Corruption, in case anyone needs telling, depletes national wealth and undercuts legitimacy. Transparency International says is often to blame for the “already limited public resources being diverted to uneconomic high-profile projects, at the expense of less spectacular but more necessary development initiatives.” It also says that civil society is “finding its voice to demand that those behind corrupt acts are held accountable.” That, in our case, begins with having the right laws in place and civil society helping the president achieve his bull’s eye – zero tolerance on corruption.
Hear what the internet site, Wikipedia, says about graft: “Corruption also undermines economic development by generating considerable distortions and inefficiency. In the private sector, corruption increases the cost of business through the price of illicit payments themselves, the management cost of negotiating with officials, and the risk of breached agreements or detection. Although some claim corruption reduces costs by cutting red tape, the availability of bribes can also induce officials to contrive new rules and delays. Openly removing costly and lengthy regulations are better than covertly allowing them to be bypassed by using bribes. Where corruption inflates the cost of business, it also distorts the playing field, shielding firms with connections from competition and thereby sustaining inefficient firms.” This sounds like describing Sierra Leone. All too familiar!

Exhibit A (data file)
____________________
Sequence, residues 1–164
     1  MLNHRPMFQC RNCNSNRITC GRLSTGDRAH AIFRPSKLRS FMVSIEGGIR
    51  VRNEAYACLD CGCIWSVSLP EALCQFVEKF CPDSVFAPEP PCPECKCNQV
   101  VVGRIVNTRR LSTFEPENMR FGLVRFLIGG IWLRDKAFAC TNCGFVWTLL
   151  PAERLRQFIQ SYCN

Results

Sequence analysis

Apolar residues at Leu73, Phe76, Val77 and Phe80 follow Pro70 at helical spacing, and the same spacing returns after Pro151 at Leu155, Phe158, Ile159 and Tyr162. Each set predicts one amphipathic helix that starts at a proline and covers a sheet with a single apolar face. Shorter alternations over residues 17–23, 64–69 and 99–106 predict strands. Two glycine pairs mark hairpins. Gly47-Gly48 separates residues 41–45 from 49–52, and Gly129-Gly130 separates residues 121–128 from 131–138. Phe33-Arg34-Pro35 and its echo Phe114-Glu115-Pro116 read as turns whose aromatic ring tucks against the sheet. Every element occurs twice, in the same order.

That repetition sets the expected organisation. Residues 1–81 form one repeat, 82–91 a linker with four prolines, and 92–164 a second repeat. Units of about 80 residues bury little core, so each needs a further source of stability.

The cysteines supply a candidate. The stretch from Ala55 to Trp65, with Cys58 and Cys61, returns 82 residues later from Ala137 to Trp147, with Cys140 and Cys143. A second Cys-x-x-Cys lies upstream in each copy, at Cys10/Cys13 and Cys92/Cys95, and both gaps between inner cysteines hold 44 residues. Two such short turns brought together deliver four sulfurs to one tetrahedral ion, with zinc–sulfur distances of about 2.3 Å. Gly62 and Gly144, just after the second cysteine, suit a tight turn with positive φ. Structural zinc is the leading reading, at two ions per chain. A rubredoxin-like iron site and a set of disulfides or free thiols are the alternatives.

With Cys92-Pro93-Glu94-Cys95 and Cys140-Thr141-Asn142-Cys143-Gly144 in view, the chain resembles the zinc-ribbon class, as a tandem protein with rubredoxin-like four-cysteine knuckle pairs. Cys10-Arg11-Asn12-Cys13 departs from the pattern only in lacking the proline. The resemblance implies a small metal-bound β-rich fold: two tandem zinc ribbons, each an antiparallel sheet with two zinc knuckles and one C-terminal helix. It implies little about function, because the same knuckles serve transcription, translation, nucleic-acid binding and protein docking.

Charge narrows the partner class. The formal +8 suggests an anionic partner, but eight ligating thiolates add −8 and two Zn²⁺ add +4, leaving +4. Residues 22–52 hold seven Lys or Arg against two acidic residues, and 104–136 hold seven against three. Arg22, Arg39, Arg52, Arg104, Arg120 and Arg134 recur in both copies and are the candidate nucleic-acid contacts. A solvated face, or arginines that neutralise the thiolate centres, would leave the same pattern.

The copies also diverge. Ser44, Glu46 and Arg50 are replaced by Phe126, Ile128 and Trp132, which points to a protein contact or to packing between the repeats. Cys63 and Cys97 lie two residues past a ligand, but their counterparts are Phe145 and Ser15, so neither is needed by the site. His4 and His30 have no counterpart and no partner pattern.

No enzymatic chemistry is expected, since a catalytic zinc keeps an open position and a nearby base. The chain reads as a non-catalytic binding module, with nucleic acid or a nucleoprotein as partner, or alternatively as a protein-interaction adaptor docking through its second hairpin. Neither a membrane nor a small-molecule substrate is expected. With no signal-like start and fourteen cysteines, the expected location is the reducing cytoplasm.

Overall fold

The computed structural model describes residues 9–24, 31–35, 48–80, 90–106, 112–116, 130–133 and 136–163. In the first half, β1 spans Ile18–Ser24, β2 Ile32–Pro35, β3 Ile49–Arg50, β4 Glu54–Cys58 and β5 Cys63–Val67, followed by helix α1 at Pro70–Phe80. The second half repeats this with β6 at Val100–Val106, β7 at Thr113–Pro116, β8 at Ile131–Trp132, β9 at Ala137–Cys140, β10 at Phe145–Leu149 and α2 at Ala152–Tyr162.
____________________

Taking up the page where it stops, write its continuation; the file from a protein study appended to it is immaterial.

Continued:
Much starker is that corruption poses a serious development challenge. In the political realm, it undermines democracy and good governance by flouting or even subverting formal processes. In elections and in legislative bodies, it reduces accountability and distorts representation in policymaking. In the judiciary it compromises the rule of law. In public administration it results in the unfair provision of services. In short, “corruption erodes the institutional capacity of government as procedures are disregarded, resources are siphoned off, and public offices are bought and sold. At the same time, corruption undermines the legitimacy of government and such democratic values as trust and tolerance”. Tell me who should stand in the way of the fight against corruption!
Chernor Maju Bah, MP, assures that the bill will come up for discussion next week at the pre-legislative stage. We wait with bated breath to see that. I repeat, this is where civil society must come on board in helping the president. It is all too easy to sit in corners and accuse public officials, probably sometimes falsely, of graft and sleaze. Having a law that scolds them and makes them cough up what belongs to all of us, is the first way towards changing our country’s destiny. On this, President Koroma has my fullest support. But he has to show courage to root out any of his ministers who undermines this drive. He should be told that no difference exists so far between him and President Tejan Kabbah, in the fight against corruption. Except that his predecessor set up the ACC. The big difference will be for president Koroma to give that commission the teeth it needs to bite off the flesh of thieves. Those teeth lie in the ACC bill; reason to pass it into law sooner than later. By Umaru Fofana